Buying a Bank Owned Property – REOs Explained

There may be incredible bargains on properties that have been foreclosed and are now owned by lenders. There may also be pitfalls. This article may help you avoid the potential problems and make your purchase go well. Here are ten questions to Buying a Bank Owned Property to get you off to the right start:

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Buying a Bank Owned Property - REOs Explained
What is REO and what’s the advantage to buying it?
Once a property has been foreclosed and has been taken back by the lender, the property is commonly called an “REO” or “real estate owned” by the foreclosing lender. In most cases, although not all, the REO is now owned by a bank, finance investment group, or other financial institution. The lender may not wish to continue owning the property, as it may be costly and may tie up the lender’s assets. REO lenders may be strongly motivated to sell, and may offer bargain prices well below those of comparable properties.

2.  Where can I find out about these properties?
REO property may be marketed through real estate agents, through traditional multiple listing services, or through real estate auctions, to name a few sources.

3.  Is the paperwork when making an offer on REO different from other purchases?
Except for purchasing at a real estate auction, a standard-form purchase agreement may be the same as if you were purchasing property that is not REO. Auctions may use special contracts, and due to the complexities of buying at REO auctions, these types of sales are not covered in this brochure.

Once your offer is submitted to an REO lender, you may receive an addendum to sign as part of the contract. This REO addendum may specify additional terms and conditions between buyer and seller. These may include an “as is” and “where is” clause. The addendum may also state that there are no written, oral, or implied warranties. If, however, an REO lender knows of something that is wrong with the property, or is in possession of any inspection reports, they may be required to disclose this. The REO lender’s addendum may also contain a provision that if the buyer does not complete the sale by the agreed date, a “per diem” may be charged to the buyer. The REO lender may also spell out what closing costs they will pay, and which ones the buyer will be expected to cover. Aside from the REO addendum, the REO paperwork may differ from a traditional sale in that REO lenders are exempt from certain disclosure requirements, such as a Transfer Disclosure Statement (TDS). This disclosure indicates what a seller knows about the property’s condition. The concept of the TDS is simple: an owner may have a “history” with the property and may be aware of problems or “red flags” concerning the property. In a typical REO transaction, however, the former owner has lost the property through foreclosure and is now out of the picture.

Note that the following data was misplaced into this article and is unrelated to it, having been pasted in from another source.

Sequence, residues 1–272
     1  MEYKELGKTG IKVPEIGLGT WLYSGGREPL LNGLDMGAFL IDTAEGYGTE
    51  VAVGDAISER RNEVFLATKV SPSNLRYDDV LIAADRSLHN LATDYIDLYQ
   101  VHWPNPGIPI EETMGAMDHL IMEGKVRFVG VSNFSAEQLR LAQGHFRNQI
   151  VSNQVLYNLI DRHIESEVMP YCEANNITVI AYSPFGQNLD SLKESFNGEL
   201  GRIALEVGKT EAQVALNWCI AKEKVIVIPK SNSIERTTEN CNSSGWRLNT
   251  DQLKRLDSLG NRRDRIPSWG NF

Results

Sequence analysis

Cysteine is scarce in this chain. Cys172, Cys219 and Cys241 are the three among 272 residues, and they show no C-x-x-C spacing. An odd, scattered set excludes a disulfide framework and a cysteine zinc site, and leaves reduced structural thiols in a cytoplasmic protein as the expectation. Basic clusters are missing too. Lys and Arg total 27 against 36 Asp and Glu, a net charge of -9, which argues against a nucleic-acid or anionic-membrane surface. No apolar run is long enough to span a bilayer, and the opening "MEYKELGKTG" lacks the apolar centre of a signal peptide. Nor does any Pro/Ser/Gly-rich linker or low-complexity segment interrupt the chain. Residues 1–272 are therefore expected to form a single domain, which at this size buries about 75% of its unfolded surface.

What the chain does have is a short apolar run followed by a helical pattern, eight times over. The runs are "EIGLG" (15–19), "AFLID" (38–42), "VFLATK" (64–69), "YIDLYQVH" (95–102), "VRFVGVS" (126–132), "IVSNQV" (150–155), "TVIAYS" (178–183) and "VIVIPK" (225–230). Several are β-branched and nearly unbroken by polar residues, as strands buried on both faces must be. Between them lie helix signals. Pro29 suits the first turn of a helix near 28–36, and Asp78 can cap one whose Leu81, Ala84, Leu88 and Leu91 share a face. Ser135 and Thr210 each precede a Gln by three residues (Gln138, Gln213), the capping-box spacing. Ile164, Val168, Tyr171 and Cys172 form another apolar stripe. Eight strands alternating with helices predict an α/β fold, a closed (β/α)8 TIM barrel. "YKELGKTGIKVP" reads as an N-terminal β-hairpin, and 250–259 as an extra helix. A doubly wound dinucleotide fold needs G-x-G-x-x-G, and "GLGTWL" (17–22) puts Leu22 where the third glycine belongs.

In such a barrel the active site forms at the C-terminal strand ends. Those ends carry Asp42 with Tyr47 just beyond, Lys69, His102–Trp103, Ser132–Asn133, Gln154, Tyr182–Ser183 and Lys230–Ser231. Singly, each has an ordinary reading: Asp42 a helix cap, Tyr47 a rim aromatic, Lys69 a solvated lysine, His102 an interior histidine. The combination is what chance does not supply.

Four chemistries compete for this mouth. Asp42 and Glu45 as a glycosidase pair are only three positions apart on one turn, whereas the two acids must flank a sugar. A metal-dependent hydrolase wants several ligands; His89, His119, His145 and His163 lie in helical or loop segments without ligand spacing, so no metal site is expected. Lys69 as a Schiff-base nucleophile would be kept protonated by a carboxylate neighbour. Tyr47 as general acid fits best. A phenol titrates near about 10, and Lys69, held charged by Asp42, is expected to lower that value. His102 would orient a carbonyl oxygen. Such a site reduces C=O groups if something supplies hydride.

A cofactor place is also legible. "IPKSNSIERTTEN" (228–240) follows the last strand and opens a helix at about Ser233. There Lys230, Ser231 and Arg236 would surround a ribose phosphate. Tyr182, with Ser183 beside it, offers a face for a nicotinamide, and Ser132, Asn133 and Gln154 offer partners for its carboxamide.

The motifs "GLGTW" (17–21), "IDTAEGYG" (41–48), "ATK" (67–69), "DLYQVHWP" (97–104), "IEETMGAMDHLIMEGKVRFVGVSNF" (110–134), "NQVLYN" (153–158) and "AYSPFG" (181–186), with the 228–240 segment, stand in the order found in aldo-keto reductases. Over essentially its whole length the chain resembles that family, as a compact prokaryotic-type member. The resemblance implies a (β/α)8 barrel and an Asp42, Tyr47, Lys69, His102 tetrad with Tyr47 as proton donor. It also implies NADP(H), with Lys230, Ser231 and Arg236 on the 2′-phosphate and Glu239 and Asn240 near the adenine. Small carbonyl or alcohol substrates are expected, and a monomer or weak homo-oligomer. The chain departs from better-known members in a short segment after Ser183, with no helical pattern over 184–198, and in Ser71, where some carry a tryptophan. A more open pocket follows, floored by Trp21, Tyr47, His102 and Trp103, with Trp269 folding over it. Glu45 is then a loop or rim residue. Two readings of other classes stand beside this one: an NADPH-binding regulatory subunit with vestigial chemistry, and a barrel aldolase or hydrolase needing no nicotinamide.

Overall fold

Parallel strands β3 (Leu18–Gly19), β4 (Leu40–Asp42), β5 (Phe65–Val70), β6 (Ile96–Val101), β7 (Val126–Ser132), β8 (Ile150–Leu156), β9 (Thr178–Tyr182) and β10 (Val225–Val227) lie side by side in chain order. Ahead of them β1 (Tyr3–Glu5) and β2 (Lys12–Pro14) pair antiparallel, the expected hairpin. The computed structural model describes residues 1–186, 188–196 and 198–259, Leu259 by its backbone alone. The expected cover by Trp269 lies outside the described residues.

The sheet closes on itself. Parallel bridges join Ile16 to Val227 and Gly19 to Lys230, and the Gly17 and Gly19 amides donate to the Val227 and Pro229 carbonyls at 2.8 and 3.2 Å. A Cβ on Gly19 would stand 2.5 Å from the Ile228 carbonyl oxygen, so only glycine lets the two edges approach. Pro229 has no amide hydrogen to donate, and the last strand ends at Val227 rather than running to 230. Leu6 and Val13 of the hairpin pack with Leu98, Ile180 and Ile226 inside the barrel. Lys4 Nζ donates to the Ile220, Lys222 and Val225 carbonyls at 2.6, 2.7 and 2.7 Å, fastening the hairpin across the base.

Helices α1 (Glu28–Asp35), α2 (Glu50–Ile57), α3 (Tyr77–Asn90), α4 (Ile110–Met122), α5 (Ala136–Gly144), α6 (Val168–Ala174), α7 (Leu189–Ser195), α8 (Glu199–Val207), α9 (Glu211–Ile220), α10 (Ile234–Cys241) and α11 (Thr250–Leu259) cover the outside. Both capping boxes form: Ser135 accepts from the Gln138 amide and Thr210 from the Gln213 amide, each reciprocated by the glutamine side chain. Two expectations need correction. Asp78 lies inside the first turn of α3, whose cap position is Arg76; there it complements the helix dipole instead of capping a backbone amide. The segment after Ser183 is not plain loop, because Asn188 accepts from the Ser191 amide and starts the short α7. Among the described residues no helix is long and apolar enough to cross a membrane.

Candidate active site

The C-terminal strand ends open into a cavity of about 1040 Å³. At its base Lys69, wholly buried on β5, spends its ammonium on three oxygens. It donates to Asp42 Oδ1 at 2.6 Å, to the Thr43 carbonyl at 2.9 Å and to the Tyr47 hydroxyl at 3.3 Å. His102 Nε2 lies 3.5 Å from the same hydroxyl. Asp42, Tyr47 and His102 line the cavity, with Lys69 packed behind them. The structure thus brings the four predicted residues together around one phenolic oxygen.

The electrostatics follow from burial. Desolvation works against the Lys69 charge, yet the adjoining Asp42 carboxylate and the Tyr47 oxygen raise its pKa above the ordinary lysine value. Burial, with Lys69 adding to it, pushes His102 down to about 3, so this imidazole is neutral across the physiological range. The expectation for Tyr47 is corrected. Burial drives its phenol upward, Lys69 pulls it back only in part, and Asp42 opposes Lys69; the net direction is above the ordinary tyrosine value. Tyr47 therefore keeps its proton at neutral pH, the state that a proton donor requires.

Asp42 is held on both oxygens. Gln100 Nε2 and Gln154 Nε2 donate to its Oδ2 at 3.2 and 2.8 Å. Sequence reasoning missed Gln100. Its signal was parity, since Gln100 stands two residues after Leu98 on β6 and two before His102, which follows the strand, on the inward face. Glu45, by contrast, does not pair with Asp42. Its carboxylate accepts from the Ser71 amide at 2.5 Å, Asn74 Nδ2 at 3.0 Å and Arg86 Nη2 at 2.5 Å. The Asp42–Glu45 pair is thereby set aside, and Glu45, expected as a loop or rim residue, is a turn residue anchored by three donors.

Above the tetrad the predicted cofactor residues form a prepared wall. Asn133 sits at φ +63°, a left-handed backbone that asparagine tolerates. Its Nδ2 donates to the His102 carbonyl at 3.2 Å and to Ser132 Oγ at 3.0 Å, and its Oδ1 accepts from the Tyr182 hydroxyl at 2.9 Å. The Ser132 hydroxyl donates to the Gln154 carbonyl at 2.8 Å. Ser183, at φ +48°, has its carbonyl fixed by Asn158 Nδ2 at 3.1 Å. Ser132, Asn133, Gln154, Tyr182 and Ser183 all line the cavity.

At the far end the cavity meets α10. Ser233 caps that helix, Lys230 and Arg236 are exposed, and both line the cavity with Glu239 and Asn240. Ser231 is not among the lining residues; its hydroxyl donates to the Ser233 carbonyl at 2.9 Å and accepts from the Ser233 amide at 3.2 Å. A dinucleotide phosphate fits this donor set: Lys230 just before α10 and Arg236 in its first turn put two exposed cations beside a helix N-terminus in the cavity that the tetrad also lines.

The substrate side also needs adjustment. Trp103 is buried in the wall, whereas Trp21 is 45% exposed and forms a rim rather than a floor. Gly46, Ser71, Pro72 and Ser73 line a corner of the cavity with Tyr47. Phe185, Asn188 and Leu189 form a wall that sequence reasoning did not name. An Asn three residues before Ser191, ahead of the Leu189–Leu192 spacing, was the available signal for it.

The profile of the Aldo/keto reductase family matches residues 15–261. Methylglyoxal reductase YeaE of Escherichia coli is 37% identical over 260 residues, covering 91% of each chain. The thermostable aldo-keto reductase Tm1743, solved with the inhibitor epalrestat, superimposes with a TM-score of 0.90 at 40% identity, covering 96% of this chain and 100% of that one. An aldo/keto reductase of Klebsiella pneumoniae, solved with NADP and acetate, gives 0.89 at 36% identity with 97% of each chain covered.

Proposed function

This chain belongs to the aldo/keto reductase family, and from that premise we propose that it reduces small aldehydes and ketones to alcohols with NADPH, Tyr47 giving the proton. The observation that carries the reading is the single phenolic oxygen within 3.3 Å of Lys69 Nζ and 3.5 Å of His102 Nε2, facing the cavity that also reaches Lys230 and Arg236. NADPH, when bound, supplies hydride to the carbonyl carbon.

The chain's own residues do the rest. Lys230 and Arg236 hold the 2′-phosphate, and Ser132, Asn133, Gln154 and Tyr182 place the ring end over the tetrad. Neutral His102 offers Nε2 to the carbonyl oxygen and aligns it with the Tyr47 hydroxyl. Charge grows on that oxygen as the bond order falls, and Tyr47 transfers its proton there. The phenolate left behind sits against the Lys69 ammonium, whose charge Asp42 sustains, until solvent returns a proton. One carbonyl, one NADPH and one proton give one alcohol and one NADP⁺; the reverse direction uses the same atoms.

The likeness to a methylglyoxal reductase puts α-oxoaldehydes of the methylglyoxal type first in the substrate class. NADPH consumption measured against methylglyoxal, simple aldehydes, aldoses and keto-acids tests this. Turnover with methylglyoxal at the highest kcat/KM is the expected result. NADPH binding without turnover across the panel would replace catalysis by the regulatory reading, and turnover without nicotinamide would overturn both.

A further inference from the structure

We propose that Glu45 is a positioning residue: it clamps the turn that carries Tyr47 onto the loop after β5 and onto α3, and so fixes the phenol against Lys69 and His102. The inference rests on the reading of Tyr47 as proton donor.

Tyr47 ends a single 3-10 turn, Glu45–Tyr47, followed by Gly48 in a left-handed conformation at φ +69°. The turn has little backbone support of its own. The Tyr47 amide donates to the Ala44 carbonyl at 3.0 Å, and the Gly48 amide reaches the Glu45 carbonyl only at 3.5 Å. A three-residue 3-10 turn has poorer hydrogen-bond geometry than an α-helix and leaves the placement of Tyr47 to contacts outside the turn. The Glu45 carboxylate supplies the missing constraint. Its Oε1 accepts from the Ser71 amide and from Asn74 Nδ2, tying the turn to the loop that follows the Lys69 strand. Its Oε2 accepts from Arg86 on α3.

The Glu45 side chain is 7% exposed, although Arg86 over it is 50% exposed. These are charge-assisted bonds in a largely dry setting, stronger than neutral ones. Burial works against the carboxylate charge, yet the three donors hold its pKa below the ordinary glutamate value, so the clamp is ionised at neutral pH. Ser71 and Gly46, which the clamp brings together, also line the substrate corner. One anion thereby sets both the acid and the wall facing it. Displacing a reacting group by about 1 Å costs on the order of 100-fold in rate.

Buyers are cautioned that the REO lender may have little or no knowledge of the physical condition of the property. The lender also may not know of external or economic issues which may impact the property’s value or desirability. The REO lender may have owned the property for a very brief time since completing the foreclosureprocess.

4.  How can I discover any potential problems with REO property I want to buy?
A buyer is encouraged to thoroughly check all aspects of a property, and to hire third party inspection services to inspect the property and provide a written report. These inspections may include a Standard Structural Pest Control Report (commonly referred to as a termite report), a Home Inspection or Contractor’s Report, and other inspections such as roof, septic, pool, or well, to name a few. Review these reports carefully. If further inspections are recommended, consider the value of having additional inspections and estimates so you may learn as much as possible about the property and other issues concerning the property.

5.  I have heard that REO properties may be in bad condition. Why is that?